Healthcare providers have been offering remote services for years, which have allowed patients to receive healthcare from the comfort of their own homes.
However, following the COVID-19 pandemic, telemedicine services became a necessity and are now a common tool utilized by many patients and healthcare professionals.
Why? These phone and video calls help patients protect themselves and others as well as provide a host of other benefits (but more on this later!)
In this article, we’ll discuss what telemedicine is, the types of telemedicine, and when patients should be using these services. Let’s dive in.
What is Telemedicine?
Telemedicine allows healthcare providers to connect with patients without an in-person visit. Telemedicine services are provided primarily online or via smartphone through video chats or phone calls.
What is the Difference Between Telehealth and Telemedicine?
The terms “telemedicine” and “telehealth” are often used interchangeably, though the two have a few key differences: telemedicine refers specifically to remote clinical services and telehealth can refer to remote non-clinical services.
Telemedicine, as stated by the World Health Organization, is “healing from a distance.” You receive treatment without an appointment or visiting the office.
Telehealth uses electronic information to support long-distance clinical healthcare, education, and administrative activities. It improves patient care and physician education rather than providing a service. Telehealth involves scheduling appointments, medical education continuation, and training for physicians.
In short, all telemedicine is telehealth, but not all telehealth is telemedicine.
TYPES OF TELEMEDICINE
Using telemedicine, you can discuss symptoms and medical issues, receive a diagnosis, learn treatment options, and get prescriptions. There are a few common types of telemedicine which include:
REAL-TIME OR INTERACTIVE MEDICINE
Interactive telemedicine, also commonly referred to as real-time or live telemedicine, involves a physician and patient communicating in real-time.
Real-time telemedicine involves any two-way communications –such as video conferencing and phone calls – that let providers and patients talk and allows healthcare providers to offer medical care.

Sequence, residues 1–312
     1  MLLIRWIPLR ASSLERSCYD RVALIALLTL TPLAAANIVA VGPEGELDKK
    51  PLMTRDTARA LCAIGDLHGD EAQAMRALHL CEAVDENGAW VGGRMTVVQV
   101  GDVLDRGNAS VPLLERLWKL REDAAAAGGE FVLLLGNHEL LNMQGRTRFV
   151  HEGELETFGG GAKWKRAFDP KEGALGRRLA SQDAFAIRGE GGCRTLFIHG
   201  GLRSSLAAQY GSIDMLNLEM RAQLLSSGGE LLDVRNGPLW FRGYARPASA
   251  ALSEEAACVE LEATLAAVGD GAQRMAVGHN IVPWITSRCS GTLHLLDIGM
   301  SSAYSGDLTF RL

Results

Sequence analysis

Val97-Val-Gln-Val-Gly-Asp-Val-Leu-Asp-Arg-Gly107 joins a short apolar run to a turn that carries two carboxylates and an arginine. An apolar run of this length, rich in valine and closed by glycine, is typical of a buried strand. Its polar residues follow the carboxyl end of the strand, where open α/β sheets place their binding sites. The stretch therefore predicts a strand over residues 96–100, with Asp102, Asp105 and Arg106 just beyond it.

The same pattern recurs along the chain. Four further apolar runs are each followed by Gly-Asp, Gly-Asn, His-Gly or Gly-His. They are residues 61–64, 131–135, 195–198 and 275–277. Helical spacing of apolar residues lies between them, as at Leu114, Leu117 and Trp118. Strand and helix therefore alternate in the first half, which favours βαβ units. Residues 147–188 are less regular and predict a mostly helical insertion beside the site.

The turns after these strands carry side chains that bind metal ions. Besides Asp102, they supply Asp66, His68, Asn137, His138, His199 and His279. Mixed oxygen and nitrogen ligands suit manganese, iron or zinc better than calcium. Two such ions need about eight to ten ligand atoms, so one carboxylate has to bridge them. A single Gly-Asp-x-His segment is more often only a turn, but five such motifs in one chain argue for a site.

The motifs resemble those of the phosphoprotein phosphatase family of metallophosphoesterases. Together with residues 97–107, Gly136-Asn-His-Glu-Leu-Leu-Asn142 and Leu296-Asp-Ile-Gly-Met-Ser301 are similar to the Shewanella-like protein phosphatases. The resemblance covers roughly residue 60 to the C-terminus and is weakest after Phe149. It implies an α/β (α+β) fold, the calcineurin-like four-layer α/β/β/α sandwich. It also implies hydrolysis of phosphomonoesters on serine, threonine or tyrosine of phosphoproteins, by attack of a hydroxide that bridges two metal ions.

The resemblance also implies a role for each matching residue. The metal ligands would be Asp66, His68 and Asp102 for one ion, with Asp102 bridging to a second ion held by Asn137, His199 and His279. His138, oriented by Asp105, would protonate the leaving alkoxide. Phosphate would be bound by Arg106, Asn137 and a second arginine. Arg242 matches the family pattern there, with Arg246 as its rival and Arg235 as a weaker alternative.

Some common services provided via interactive telemedicine include assessments of medical history, basic visual examinations, psychiatric evaluations, and even ophthalmic tests.
REMOTE PATIENT MONITORING
Remote patient monitoring gives caregivers the ability to monitor patients who have medical equipment that collects information like blood pressure, blood sugar levels, and more.
Through technology, information is sent to healthcare professionals and allows them to provide care and keep an eye on patients without the patients needing to visit in person.
Remote patient monitoring can result in benefits such as reducing the time a patient needs to be in the hospital, reducing a patient’s exposure to other illnesses present in a healthcare building, as well as giving the patient time to recover at home.
Remote patient monitoring is especially effective for chronic conditions such as heart disease, asthma, and diabetes.
STORE AND FORWARD PRACTICES
In telemedicine, store and forward practices allow providers to share their patient’s information with other healthcare specialists and professionals.
The most significant advantage of these practices is that it doesn’t require the simultaneous attention of the delivering and receiving parties.
Many healthcare professionals—such as field technicians, caregivers, or specialists, for example—can collect the necessary data and upload it for use by other healthcare professionals.
WHEN SHOULD YOU USE TELEMEDICINE?
Telemedicine is for straightforward questions and issues, and any follow-up consults. It also can be helpful with psychotherapy and teledermatology. Some examples of straightforward issues include cold and flu symptoms, insect bites, diarrhea, pink eye, and sore throats.
Telemedicine has advanced our current health care options by offering several new benefits. It is making healthcare accessible for more patients, whether they live in a remote location, have a packed schedule, or any number of other reasons.
WHEN SHOULD YOU NOT USE TELEMEDICINE?
Telemedicine is not for emergencies. For anything that requires urgent, primary care, you should go to a doctor in person.
BENEFITS OF TELEMEDICINE
Telemedicine Saves Time
These services also help people avoid unnecessary hospital visits, which helps healthcare professionals give advice at a distance, save time, and reduce costs for both patients and doctors. Not only will it help avoid hospital visits when they aren’t necessary, but it will also give patients in the hospital the ability to discharge sooner by monitoring their vitals with telemedicine.
Telemedicine is Affordable
A recent study found that the average telemedicine visit is around $79, whereas an average doctor’s appointment is $149, and a trip to the emergency room costs, on average, $1,734. As telemedicine continues to grow, health insurance providers are offering coverage for telemedicine visits. Some states even require that health insurance plans reimburse patients for telemedicine visits.
Telemedicine is Accessible
Telemedicine offers a more accessible opportunity for healthcare and changes the way we visit the doctor. At SBMA we offer the most competitive limited benefit plans in the industry, including virtual health options! Check out our services for more information!
Read on for the pros and cons of telemedicine.